FIG. 8 is a cross-section of a MESFET.

FIG. 9 illustrates the vernier in accordance with one embodiment of the present invention.

FIG. 10 illustrates the waveforms seen at the input of the inverter of the vernier for various input codes.

FIG. 11 is one implementation of the pipeline and the shift register shown in FIG. 3 in accordance with one embodiment of the present invention.

FIG. 12 illustrates a timing diagram of the waveforms as seen at various nodes in FIGS. 3 and 11.

FIG. 13 illustrates another timing diagram of the waveforms as seen at various nodes in FIGS. 3 and 11.

FIG. 14a is a second prior art implementation of a time delay system.

FIG. 14b is a third prior art implementation of a time delay system.

FIG. 15b is a fourth prior art implementation of a time delay system.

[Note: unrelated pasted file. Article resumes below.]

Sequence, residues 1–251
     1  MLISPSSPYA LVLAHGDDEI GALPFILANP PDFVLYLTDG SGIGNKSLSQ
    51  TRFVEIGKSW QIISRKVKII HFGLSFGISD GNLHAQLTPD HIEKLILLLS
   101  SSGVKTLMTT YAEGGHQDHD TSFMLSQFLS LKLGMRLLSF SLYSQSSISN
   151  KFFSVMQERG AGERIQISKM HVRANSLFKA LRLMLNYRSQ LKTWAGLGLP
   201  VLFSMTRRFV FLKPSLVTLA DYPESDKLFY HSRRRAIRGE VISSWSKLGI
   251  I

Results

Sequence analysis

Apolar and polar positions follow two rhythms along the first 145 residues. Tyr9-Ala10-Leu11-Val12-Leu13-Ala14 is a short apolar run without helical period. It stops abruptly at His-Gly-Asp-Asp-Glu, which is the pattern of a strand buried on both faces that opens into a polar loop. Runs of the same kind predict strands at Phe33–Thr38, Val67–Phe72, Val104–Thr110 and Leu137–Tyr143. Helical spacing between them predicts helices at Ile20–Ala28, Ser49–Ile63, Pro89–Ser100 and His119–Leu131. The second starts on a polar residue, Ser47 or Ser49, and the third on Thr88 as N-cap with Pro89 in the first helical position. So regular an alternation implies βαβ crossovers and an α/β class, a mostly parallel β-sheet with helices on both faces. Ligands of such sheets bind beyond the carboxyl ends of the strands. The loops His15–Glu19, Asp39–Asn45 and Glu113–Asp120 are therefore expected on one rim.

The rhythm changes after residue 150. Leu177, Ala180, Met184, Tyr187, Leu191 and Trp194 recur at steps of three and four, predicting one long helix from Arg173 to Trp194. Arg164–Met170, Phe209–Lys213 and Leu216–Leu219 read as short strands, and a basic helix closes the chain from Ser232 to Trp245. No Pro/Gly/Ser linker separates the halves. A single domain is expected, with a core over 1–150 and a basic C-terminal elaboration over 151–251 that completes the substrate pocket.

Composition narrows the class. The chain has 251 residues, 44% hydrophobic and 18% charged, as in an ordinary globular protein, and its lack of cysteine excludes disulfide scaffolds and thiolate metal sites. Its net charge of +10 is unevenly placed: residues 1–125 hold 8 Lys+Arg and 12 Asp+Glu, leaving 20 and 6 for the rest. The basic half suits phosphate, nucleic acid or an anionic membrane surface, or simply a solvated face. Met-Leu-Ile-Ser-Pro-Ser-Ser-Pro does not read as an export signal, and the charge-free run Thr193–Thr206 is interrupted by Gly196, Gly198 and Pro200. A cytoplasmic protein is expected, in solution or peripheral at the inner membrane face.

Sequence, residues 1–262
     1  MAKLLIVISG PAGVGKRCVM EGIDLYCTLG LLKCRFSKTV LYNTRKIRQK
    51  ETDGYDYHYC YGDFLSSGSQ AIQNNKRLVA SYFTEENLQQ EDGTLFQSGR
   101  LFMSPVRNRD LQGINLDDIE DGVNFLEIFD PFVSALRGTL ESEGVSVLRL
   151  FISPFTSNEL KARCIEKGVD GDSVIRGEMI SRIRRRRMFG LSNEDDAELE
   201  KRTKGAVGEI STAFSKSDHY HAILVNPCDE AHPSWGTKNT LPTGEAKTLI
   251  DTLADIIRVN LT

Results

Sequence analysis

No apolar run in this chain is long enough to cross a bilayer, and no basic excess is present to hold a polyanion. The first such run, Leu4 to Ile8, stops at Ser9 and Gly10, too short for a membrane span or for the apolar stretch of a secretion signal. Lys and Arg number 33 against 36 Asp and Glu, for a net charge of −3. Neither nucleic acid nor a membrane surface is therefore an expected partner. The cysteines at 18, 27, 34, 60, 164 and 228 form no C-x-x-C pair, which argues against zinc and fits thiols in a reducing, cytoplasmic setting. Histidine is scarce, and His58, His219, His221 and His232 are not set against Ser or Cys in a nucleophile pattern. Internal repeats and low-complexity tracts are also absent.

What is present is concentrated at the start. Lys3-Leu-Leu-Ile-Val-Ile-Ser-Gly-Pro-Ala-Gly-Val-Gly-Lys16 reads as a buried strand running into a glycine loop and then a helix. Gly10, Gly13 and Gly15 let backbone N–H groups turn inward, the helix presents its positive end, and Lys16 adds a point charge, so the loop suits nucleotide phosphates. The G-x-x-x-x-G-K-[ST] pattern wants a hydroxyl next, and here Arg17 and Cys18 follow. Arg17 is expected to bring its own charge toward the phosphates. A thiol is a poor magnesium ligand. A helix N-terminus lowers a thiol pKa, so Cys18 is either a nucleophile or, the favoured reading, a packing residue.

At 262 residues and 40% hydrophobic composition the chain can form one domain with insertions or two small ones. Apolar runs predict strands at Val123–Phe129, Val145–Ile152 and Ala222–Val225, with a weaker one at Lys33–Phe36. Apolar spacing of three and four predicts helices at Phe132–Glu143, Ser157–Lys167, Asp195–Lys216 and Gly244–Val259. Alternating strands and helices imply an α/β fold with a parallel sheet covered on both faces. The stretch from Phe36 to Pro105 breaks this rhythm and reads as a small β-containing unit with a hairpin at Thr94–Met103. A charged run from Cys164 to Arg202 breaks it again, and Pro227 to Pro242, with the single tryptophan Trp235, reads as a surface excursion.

FIG. 15b illustrates the signals found on the nodes of the time delay system of FIG. 15a during its operation.

DETAILED DESCRIPTION OF THE INVENTION

The present invention provides a time delay system that generates a selectable asynchronous time delay signal with a minimum data dependency error that is independent of the repetition rate of an input signal, the substrate settling time, and the length of the time delay of the delayed signal. In the following detailed description, numerous specific details are set forth to provide a full understanding of the present invention. It will be obvious, however, to one skilled in the art that the present invention may be practiced without some of these specific details. In other instances, well-known circuits, structures, and techniques have not been shown in detail not to unnecessary obscure the present invention.